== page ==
Even movies crowded with characters can create – are required to create – an atmosphere of emotional isolation to successfully convey their stories. The journalists of “Spotlight” have no intimate experience of sexual abuse by Catholic clergy, but even so their relentless pursuit of the story threatens them with increasingly painful consequences that are expressed by isolation. Thus the relationship between Rachel McAdams’ character and her grandmother comes under intense pressure. Michael Keaton’s character risks the loss of lifelong friends in the Boston establishment.

Many of cinema’s greatest masterpieces don’t merely hinge on this dynamic process of isolation – they are “about” isolation. This subtext has a profound influence on how the story is told – on what scenes are about, even the structural purpose of secondary characters.

Why is Kay in “The Godfather,” if not to mark for us Michael Corleone’s slide into spiritual isolation and emotional oblivion? Indeed, when the 3-film saga of “The Godfather” is viewed as a single narrative, we can trace isolation as its most central theme.

In Part One, Michael becomes the Don – literally shutting the door on his wife Kay, who represents a life away from the Corleones. In Part Two, Michael’s determination to protect his family leads him – ironically – to destroy it. In Part Three, Michael’s purpose is to repair his fractured relationship with Kay and their children once and for all – thus ending the isolation he chose in Part One. This simply-articulated goal of Michael’s becomes the seed from which all subsequent creative decisions grow.

This design is not limited to dramas. “Bridesmaids” certainly made lavish use of its R-rating. But all the fun was rooted in a very simple, well-designed structure that saw Annie (Kristen Wiig) lose her job, her apartment, her good-guy boyfriend, and – most crucially for this story – her best friend.

And the list goes on. Jailed for murder, Gustav H. loses his privileged life at “The Grand Budapest Hotel” and must fight to regain it (and his innocence). The hapless actors of “Tropic Thunder” find themselves in a very real jungle fighting a very real war. “Inside Out” kicks into high gear when its hero, Riley, runs away from home – beginning a process that threatens her memories and her emotions.

The uses of isolation as a dramatic strategy, as a construct, are limited only to the writer’s imagination. But its purpose is always the same – to create (or aggravate) stress and therefore ratchet up tension – and hence increase engagement – for the writer’s desired audience.

MICHAEL COLLEARY is a screenwriter and producer. His produced credits include “Lara Croft: Tomb Raider” and “Face/Off,” which the New York Times named as among “the 1000 Best Movies Ever Made.” He received his MFA in screenwriting from the prestigious UCLA film school, where he is now a frequent lecturer and instructor. In addition to teaching UCLA’s famed “434” screenplay workshop, Michael also consults with aspiring writers for the acclaimed CineStory Foundation, and has mentored veterans via the Writers Guild Foundation.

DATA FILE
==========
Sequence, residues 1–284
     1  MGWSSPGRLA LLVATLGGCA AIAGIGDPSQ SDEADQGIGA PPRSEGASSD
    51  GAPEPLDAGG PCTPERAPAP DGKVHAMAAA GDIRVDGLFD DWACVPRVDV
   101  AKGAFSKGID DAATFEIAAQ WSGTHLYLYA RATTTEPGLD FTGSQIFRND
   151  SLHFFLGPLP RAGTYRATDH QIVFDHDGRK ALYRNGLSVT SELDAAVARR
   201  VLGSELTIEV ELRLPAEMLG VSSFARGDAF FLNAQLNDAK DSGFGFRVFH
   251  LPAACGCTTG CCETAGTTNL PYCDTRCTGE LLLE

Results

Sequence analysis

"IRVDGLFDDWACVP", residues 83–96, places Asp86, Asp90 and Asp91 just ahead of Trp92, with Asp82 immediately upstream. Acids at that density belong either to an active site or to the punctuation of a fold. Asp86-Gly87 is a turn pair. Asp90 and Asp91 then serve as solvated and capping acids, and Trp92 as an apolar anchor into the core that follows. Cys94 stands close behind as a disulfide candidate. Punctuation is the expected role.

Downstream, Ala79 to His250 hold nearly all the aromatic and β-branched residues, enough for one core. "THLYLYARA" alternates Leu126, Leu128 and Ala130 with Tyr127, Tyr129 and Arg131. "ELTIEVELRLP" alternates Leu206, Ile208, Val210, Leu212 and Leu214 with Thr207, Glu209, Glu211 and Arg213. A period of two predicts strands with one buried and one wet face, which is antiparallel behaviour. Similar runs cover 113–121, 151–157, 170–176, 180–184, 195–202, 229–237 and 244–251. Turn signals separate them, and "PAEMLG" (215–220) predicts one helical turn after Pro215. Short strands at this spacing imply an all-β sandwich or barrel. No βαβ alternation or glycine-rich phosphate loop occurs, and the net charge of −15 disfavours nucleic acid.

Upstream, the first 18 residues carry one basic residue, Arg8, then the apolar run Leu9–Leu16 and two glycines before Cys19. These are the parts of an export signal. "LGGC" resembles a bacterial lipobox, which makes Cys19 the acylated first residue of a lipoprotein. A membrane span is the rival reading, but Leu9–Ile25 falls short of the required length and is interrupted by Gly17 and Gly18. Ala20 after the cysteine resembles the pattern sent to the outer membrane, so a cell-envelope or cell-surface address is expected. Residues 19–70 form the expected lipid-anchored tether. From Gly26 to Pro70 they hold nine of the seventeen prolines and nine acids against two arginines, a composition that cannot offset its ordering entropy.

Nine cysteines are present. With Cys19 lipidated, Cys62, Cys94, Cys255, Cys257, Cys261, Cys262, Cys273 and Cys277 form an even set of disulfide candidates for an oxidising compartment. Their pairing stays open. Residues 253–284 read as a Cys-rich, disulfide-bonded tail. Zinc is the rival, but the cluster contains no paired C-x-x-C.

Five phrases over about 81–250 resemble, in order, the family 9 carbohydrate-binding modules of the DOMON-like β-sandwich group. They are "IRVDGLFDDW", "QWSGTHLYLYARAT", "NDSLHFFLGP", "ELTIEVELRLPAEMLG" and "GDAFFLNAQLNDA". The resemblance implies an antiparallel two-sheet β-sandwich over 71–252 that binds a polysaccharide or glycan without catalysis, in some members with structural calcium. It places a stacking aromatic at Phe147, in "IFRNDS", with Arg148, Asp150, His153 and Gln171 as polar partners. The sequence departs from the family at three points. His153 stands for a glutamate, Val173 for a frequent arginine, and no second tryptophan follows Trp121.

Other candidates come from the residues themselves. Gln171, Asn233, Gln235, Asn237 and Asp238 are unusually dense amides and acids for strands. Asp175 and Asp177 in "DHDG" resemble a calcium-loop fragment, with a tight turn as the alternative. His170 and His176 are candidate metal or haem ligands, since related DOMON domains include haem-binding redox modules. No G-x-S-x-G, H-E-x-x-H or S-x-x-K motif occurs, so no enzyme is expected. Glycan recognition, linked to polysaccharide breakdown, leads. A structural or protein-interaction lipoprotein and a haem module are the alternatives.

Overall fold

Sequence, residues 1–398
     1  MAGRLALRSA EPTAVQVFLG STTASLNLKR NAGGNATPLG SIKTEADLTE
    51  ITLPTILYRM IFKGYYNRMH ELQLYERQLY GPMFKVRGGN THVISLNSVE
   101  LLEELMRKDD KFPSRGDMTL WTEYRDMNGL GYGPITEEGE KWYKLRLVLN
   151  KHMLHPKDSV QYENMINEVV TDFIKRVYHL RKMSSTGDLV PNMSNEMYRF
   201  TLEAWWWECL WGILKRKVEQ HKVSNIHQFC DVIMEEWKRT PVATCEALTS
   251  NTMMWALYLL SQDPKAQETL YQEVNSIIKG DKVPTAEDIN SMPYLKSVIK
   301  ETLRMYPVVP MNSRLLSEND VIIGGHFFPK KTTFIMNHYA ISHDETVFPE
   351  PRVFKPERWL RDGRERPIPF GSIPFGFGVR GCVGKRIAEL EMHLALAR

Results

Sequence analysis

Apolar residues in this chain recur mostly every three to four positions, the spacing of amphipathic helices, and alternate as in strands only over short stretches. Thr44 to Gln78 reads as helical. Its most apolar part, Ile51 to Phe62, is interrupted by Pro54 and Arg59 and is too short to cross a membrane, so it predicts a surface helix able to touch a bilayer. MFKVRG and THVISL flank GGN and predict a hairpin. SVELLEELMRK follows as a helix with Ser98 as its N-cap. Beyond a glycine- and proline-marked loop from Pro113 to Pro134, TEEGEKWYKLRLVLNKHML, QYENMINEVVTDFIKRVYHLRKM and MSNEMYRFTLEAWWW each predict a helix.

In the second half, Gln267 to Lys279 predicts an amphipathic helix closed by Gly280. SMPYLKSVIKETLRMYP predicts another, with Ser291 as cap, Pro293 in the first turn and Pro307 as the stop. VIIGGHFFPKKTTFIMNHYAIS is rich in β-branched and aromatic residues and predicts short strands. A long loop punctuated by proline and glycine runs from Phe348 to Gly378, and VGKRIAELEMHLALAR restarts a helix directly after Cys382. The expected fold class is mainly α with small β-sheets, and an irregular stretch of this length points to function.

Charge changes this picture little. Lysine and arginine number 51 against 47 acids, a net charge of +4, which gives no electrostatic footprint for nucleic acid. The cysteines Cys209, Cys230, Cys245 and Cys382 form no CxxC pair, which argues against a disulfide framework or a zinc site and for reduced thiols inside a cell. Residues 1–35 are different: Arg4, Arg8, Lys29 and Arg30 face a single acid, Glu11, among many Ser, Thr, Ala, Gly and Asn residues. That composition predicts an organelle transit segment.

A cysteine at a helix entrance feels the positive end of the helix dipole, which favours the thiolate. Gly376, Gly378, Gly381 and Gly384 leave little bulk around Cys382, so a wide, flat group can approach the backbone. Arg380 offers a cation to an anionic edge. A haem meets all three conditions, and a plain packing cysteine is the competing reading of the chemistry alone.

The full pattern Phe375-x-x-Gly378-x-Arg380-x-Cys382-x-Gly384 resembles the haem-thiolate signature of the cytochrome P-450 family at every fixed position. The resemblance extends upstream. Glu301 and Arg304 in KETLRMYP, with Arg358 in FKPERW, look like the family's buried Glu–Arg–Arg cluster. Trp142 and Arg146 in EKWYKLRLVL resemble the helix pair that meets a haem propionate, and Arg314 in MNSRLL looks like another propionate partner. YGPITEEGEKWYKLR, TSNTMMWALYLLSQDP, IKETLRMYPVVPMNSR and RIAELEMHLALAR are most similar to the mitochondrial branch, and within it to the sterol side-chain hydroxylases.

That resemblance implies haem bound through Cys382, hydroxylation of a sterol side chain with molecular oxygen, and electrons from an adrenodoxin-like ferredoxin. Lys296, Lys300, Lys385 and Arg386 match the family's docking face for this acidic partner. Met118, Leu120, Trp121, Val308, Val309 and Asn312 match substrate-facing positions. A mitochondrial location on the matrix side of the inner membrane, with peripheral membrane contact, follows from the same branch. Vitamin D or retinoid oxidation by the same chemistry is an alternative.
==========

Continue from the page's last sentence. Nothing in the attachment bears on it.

“Isolation” appears here as a preview chapter of Michael’s up-coming book, “Screenplay DNA.” You can find Michael at MichaelColleary.com, follow him on Twitter, Facebook and/or opt-in to his Hollywood Insider newsletter.

Why is the Cop on the Job?

In a serialized cop drama the mechanics of “How” a crime is solved is so much less important than “Why” the cops are doing what they are doing and “Why” they are affected by the job. If there is no “Why” it’s just cops going through the motions, which can make a serialized story feel by-the-numbers and hollow.

The “Why” provides the emotion, passion, and inter-personal conflict between the individuals in the story (and all the internal conflict within the character). Too often writers simply project their general idea of being a cop and use the mechanics of “How” to put the cops through their paces— Instead of being specific about “Why” one particular individual is a cop and “Why” he/she does the job in a particular or unique way.

There are four basic categories of “Why” anyone becomes a cop (or a doctor, or any other professional):

1. It’s a job. Being a cop is solid union employment and a dependable way to make a living and support a family. The cop does what is expected and punches out. The cop puts in the time and is concerned and responsible on the job. But he or she doesn’t take the job home and retires as soon as is feasible.

2. It’s a career. Being a cop is a good opportunity for advancement. The cop is working to achieve something else. The job is a means to an end (rising through the ranks, running for political office, becoming a consultant, etc.) It is a stepping- stone to something else and worth the hard work and extra effort to achieve a larger goal.